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Novel therapeutic approach in treatment of glioblastoma using sustained delivery of Connxin43 carboxy-terminal peptide encapsulated in biodegradable nanoparticles in combination with temozolomide

Award Information
Agency: Department of Health and Human Services
Branch: National Institutes of Health
Contract: 2R44CA195937-02A1
Agency Tracking Number: R44CA195937
Amount: $1,596,893.00
Phase: Phase II
Program: SBIR
Solicitation Topic Code: 102
Solicitation Number: PA18-591
Solicitation Year: 2018
Award Year: 2018
Award Start Date (Proposal Award Date): 2018-09-06
Award End Date (Contract End Date): 2021-08-31
Small Business Information
Mount Pleasant, SC 29464-5641
United States
DUNS: 602545654
HUBZone Owned: No
Woman Owned: No
Socially and Economically Disadvantaged: No
Principal Investigator
 (843) 388-3276
Business Contact
Phone: (843) 860-8785
Research Institution

Glioblastoma (GBM) is an incurable cancer even with aggressive therapies such as surgical resection followed
by radiotherapy and chemotherapy using temozolomide (TMZ). Efforts to improve surgical resection or the
efficacy of irradiation are limited by the potential damage these interventions cause to the brain. In contrast,
sensitizing GBM to TMZ is an appealing strategy because TMZ has excellent brain penetration and a low
toxicity profile. Recent research suggests that targeting the gap junction protein connexin 43 (Cx43) holds
promise for enhancing TMZ sensitivity in GBM. A synthetic peptide, aCT1, which comprises the carboxy-
terminus of Cx43, and has demonstrated therapeutic efficacy in promoting healing of acute and chronic
wounds, has been developed in order to explore the potential of targeting Cx43 and overcoming TMZ
resistance in GBM. FirstString Research has currently advanced Granexin® gel, the topical formulation of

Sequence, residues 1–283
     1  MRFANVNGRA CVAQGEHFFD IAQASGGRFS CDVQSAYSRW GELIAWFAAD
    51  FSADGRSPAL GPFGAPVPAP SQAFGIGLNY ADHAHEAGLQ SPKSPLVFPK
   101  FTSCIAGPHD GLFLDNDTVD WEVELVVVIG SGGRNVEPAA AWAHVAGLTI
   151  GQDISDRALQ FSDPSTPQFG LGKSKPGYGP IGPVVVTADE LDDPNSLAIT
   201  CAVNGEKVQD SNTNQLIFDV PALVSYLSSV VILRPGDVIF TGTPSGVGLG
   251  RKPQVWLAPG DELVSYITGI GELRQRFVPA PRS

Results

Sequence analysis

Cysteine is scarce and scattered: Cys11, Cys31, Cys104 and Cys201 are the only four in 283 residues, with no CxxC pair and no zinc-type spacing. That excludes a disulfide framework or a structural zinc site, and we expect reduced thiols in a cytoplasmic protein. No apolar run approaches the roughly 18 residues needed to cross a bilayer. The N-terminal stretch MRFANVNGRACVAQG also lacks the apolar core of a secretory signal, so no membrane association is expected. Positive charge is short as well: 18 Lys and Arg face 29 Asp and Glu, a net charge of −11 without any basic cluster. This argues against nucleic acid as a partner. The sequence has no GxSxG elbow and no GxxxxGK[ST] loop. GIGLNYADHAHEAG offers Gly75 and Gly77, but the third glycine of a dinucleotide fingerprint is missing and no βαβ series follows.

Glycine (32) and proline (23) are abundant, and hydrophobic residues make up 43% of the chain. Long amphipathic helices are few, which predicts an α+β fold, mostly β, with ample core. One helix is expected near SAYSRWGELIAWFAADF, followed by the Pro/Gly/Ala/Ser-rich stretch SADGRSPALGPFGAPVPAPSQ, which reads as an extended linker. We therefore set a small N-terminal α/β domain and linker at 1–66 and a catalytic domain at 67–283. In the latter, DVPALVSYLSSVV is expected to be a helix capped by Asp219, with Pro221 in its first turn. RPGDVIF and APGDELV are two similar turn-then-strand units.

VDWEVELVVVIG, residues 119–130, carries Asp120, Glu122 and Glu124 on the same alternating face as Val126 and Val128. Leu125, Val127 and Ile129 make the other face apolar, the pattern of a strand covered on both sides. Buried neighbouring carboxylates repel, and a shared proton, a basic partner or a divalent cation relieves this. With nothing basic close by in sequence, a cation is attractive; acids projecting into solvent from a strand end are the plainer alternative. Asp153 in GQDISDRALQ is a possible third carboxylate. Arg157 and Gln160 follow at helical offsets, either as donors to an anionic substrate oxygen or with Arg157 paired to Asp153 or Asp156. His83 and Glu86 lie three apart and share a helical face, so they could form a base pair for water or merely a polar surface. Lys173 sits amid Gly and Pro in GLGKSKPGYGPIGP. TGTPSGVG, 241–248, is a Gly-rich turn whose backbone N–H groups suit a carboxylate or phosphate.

aCT1 peptide, through three Phase 2 human clinical trials for scar reduction and the treatment of chronic
wounds. Preliminary data demonstrated that Cx43 expression inversely correlates with TMZ sensitivity and
GBM patient survival, and demonstrated that aCT1 significantly increases TMZ sensitivity in vitro and in vivo,
thus encouraging further investigation into its therapeutic potential in sensitizing GBM tumors to TMZ. During
the Phase I SBIR, to facilitate efficient and targeted drug delivery, a controlled and sustained biodegradable
aCT1 nanoparticle system of therapeutic delivery was developed and validated in vitro and in vivo models of
GBM. Biodegradable aCT1-loaded poly(lactic-co-glycolic acid) (PLGA) nanoparticles (NPs) were developed,
optimized and validated, specifically with characteristics necessary for targeted convection-enhanced delivery
(CED) in GBM patients (FDA approved copolymer; andlt;150nm +\- 40 in diameter, controlled and sustained aCT1
release profile). The objective of this Phase II SBIR proposal is to translate the success of our Phase I data
through more extensive pre-clinical development. Aim I will involve intracranial injection of aCT1-NPs into the
brains of GBM mice followed by TMZ treatment and mechanism of action studies. We will monitor tumor
growth using MRI and analyze mouse survival. Aim II will validate the efficacy and safety of combinatorial
aCT1-NP and TMZ treatment in a veterinary clinical trial in high-grade spontaneous canine gliomas. Canine
gliomas have many of the characteristics of human tumors, thus permitting precise extrapolation of efficacy
and safety data from canine therapy studies to human trials. We will enroll companion dogs with spontaneous
tumors into a specific protocol involving CED of aCT1-NPs in association with TMZ. Efficacy evaluation will
involve comprehensive neuroimaging response assessment, neurobiobehavioral evaluation, and survival.
Safety analyses will involve adverse event reporting and toxicokinetic analyses. Successful completion of
these aims will validate CED delivery of aCT1-NP as a novel combinational therapy for lethal GBM and will lay
foundation for potential clinical trials in newly diagnosed GBM patients in the near future.PROJECT NARRATIVE
Glioblastoma is a very aggressive type of brain tumor and one of the most deadly diseases with no efficient
therapy to cure it. The proposed research aims at developing a new combinational therapy to enhance the
effectiveness of temozolomide, the front line chemotherapy for glioblastoma. Therefore, this work will have an
important impact on therapeutic intervention for glioblastoma and is relevant to public health and NIHandapos;s

* Information listed above is at the time of submission. *

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